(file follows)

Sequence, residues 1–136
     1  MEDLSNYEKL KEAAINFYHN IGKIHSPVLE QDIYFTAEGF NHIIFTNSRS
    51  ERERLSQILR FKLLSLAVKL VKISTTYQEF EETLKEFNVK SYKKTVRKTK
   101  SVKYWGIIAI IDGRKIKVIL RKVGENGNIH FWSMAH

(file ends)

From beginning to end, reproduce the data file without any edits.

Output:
Sequence, residues 1–136
     1  MEDLSNYEKL KEAAINFYHN IGKIHSPVLE QDIYFTAEGF NHIIFTNSRS
    51  ERERLSQILR FKLLSLAVKL VKISTTYQEF EETLKEFNVK SYKKTVRKTK
   101  SVKYWGIIAI IDGRKIKVIL RKVGENGNIH FWSMAH